How I Became Hettie Jones and over one million other books are available for Amazon Kindle. Learn more
Qty:1
  • List Price: $15.00
  • Save: $5.04 (34%)
FREE Shipping on orders over $35.
Only 3 left in stock (more on the way).
Ships from and sold by Amazon.com.
Gift-wrap available.
FREE Shipping on orders over $35.
Condition: Used: Very Good
Comment: Standard Used Condition
Have one to sell? Sell on Amazon
Flip to back Flip to front
Listen Playing... Paused   You're listening to a sample of the Audible audio edition.
Learn more
See this image

How I Became Hettie Jones Paperback – December 6, 1996


See all 9 formats and editions Hide other formats and editions
Amazon Price New from Used from
Kindle
"Please retry"
Paperback
"Please retry"
$9.96
$5.98 $0.41
Best%20Books%20of%202014


Frequently Bought Together

How I Became Hettie Jones + Minor Characters: A Beat Memoir + On the Road
Price for all three: $30.42

Buy the selected items together
NO_CONTENT_IN_FEATURE

Best Books of the Year
Best Books of 2014
Looking for something great to read? Browse our editors' picks for 2014's Best Books of the Year in fiction, nonfiction, mysteries, children's books, and much more.

Product Details

  • Paperback: 256 pages
  • Publisher: Grove Press; 1st Grove Press ed edition (December 6, 1996)
  • Language: English
  • ISBN-10: 0802134963
  • ISBN-13: 978-0802134967
  • Product Dimensions: 8.3 x 5.5 x 0.7 inches
  • Shipping Weight: 10.4 ounces (View shipping rates and policies)
  • Average Customer Review: 4.6 out of 5 stars  See all reviews (21 customer reviews)
  • Amazon Best Sellers Rank: #643,300 in Books (See Top 100 in Books)

Editorial Reviews

Amazon.com Review

Jones' atmospheric prose brings the Beat era to life with more gusto than any previous memoir, thanks to homely details like eating potato pancakes at the Second Avenue Deli and wearing Ukrainian scarves and black tights. She looks back on her marriage to LeRoi Jones with tenderness, even as she delineates the cultural forces that eventually ripped them apart. Famous friends like Allen Ginsberg make appearances, but Jones' focus is on family (her two daughters are lovingly described) and individual growth. Evocative and touching.

From Publishers Weekly

As the wife of controversial black playwright-poet LeRoi Jones (now Amiri Baraka), Hettie Cohen, a white Jew from Queens, N.Y., plunged into the Greenwich Village bohemia of jazz, poetry, leftish politics and underground publishing in the late 1950s. Their life together ended in 1965, partly, she implies, because of separatist pressures on blacks to end their interracial marriages. In this restrained autobiographical mix of introspection and gossip, the author writes of coping with racial prejudice and violence, raising two daughters, and of living in the shadow of her husband. When the couple divorced, she became a children's book author and poet. The memoir is dotted with glimpses of Allen Ginsberg, Thelonious Monk, Jack Kerouac, Frank O'Hara, Billie Holiday, James Baldwin, Franz Kline, among others.
Copyright 1989 Reed Business Information, Inc. --This text refers to an out of print or unavailable edition of this title.

More About the Author

Discover books, learn about writers, read author blogs, and more.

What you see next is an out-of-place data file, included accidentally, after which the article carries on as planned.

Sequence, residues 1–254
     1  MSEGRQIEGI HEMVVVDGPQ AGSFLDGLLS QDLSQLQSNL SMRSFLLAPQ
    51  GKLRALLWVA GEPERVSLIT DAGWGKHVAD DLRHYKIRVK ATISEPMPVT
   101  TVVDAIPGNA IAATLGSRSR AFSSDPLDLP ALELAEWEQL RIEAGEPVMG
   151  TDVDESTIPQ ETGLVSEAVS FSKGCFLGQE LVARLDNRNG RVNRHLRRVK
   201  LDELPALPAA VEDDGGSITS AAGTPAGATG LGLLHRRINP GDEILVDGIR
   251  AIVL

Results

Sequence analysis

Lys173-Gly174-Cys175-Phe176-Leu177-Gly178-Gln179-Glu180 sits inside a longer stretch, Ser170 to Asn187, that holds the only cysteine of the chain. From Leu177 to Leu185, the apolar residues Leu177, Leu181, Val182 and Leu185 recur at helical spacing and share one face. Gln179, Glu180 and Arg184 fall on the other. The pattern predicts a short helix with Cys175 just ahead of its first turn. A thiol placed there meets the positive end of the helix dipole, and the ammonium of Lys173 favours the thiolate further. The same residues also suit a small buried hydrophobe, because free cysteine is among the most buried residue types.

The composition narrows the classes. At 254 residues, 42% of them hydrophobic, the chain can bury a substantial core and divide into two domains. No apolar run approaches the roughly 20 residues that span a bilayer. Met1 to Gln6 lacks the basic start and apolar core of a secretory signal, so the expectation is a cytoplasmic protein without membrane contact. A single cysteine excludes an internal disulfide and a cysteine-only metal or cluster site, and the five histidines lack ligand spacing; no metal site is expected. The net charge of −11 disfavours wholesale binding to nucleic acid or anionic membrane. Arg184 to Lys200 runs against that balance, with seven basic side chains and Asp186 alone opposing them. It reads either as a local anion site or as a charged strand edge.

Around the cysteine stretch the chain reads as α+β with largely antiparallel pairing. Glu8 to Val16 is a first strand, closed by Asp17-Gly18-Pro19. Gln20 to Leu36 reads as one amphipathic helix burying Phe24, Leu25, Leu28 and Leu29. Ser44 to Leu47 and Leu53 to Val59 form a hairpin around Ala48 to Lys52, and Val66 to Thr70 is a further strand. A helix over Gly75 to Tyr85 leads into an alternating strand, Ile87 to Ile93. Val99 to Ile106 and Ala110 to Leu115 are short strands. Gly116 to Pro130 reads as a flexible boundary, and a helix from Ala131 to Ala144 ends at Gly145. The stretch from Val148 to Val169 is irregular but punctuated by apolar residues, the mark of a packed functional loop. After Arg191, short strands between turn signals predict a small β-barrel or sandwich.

Customer Reviews

Great books - stayed up until 3 am to finish.
Nina
Hettie's writing style is so unique, beautiful and inspired it's a shame she hasn't written a dozen books with the same freeflowing gorgeous poetry of this one.
sweetdrop
This is an autobiography well worth reading for anyone who has an interest in the Black Power movement of the 1960's.
Sam I Am

Most Helpful Customer Reviews

13 of 13 people found the following review helpful By phigirl on June 22, 2000
Format: Paperback Verified Purchase
hettie jones' well-written book is more than just another account of life in what was then the "new bohemia." the parties, the readings, the hand-to-mouth existence are all there, but hettie jones focuses on the every day events and ordinary moments that ultimately define a life and make it real. through one woman's story, we get equal glimpses into women's lives, their unique struggles even within the "free" subculture of the bohemians, the beat scene, and relations between the races. i originally picked up this book because of my interest in the beat generation and growing interest in the role of the women in this movement, but it is so much more. hettie jones uses seemingly ordinary events and through them draws a clear picture of time, place, emotion, and attitude. throughout it all, she manages to be both unbiased and sympathetic, neither overly critical of herself or others nor excessively self-important about being at the center of a cultural revolution. she brings what has become an idolized and mythological movement down to its true base element: people. hettie jones writes about their lives and conflicts and communications and misunderstandings, removing their status as demi-gods or jobless hedonists (depending on if you are a fan or critic) and revealing accessible, real individuals with real lives who just happened to be looking for a little bit more than the accepted american ideals.
this book belongs equally in the womens' studies, beat literature, and race relations sections of any bookstore or library.
Comment Was this review helpful to you? Yes No Sending feedback...
Thank you for your feedback. If this review is inappropriate, please let us know.
Sorry, we failed to record your vote. Please try again